More than 67,000 Long Island public school students in grades three through eight refused to take the state English Language Arts exam on Tuesday in a fifth straight year of boycotts driven by opposition to the Common Core tests, according to a Newsday survey of districts.

On the first full-fledged day of testing in Nassau and Suffolk counties, 67,789 students in the 92 districts that responded opted out — 50.7 percent of those eligible in those systems to take the exam. There are 124 districts on the Island.

It marked the third consecutive year of big numbers of test refusals across the region, where the opt-out movement got its start after the state in 2013 rolled out curriculum and tests tied to the Common Core academic standards.

The Comsewogue district in Port Jefferson Station — at 87 percent — had the Island’s highest percentage of students boycotting the test of those who participated in Newsday’s survey, a repeat of what occurred last year. The numbers were stark: Of 1,681 students eligible for the ELA, 1,483 refused to take it.

“Our parents have made a decision. Once again this year, they are speaking very clearly,” Superintendent Joseph Rella said. “They will not be ignored.”

State Education Department officials, asked to respond to the boycott numbers on Long Island, did not give a specific answer.

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A department statement noted that Commissioner MaryEllen Elia has crisscrossed New York, traveling more than 50,000 miles to listen to the concerns of parents and teachers.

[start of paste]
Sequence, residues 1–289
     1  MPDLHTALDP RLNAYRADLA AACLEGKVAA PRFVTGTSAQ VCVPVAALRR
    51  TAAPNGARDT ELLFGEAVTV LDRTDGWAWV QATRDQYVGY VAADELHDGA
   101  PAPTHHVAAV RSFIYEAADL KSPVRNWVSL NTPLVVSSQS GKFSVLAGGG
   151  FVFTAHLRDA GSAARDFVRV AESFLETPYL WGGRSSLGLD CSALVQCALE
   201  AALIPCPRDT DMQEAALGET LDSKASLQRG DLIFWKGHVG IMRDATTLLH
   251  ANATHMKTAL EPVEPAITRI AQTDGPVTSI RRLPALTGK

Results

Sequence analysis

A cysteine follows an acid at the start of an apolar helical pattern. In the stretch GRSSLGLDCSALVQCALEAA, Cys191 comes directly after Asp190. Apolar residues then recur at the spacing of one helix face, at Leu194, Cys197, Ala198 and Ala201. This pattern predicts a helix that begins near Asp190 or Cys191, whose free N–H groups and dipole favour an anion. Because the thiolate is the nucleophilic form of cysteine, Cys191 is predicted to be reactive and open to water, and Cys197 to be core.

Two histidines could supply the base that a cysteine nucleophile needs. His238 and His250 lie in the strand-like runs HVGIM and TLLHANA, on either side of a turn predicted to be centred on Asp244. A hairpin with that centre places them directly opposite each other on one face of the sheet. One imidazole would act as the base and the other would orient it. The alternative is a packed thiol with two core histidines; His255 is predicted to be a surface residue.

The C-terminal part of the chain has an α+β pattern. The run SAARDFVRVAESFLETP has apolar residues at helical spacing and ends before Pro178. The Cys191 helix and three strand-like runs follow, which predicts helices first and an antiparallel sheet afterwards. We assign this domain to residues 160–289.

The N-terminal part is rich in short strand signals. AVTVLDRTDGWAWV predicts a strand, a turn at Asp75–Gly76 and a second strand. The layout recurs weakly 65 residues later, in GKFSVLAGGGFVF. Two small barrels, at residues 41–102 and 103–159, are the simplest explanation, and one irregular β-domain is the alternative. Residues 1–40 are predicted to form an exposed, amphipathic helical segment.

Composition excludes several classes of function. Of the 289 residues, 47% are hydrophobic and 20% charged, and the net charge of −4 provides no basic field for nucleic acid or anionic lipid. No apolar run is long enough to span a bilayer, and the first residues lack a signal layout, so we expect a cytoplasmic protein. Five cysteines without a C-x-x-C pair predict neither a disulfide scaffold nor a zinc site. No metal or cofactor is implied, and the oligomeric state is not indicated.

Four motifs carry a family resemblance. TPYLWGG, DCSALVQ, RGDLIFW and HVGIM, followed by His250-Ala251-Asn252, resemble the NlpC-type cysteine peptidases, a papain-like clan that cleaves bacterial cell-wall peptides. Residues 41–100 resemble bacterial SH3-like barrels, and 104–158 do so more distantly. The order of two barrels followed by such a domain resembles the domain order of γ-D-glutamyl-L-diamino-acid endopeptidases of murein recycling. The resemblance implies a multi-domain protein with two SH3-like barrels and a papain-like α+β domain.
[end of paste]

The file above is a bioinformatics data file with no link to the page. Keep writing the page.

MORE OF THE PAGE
“It’s up to parents to decide if their children should take the tests, and we want them to have all the facts so they can make an informed decision,” the statement said, outlining the changes made in the tests since the groundswell of opposition from parents, students and educators. That information is available on the Education Department’s website.

The English test is given during portions of three consecutive days, and testing in most districts on the Island and elsewhere in the state started Tuesday. In eight districts — five in Suffolk and three in Nassau — students in some grades took computerized versions of the exams; the administration of that electronic version started for some students on Monday and some on Tuesday.

In the Nassau districts that responded Tuesday to Newsday’s survey, 44.2 percent of eligible students opted out, while responses from Suffolk districts showed 56.3 percent refusing to take the test.

The number of test refusals tracked similarly to the first day of the English exam last year. At that time, 74 of the Island’s districts responded to Newsday’s survey, with 57,969 students in grades three through eight, or 50.1 percent of those eligible, refusing to take the exam.

In Seaford, Superintendent Brian Conboy said 68.8 percent of eligible students opted out of the ELA test on Tuesday, a figure that was close to last year’s 67.8 percent.

“I don’t know where this is all going,” Conboy said. “It’s an absolute necessity for the state to restore trust in these assessments.”

It has been more than a year since the state Board of Regents moved to ease anxieties over testing by declaring a moratorium, until the 2019-20 school year, on using test scores in any way that might reflect poorly on students’ academic records or as a component in teachers’ job evaluations.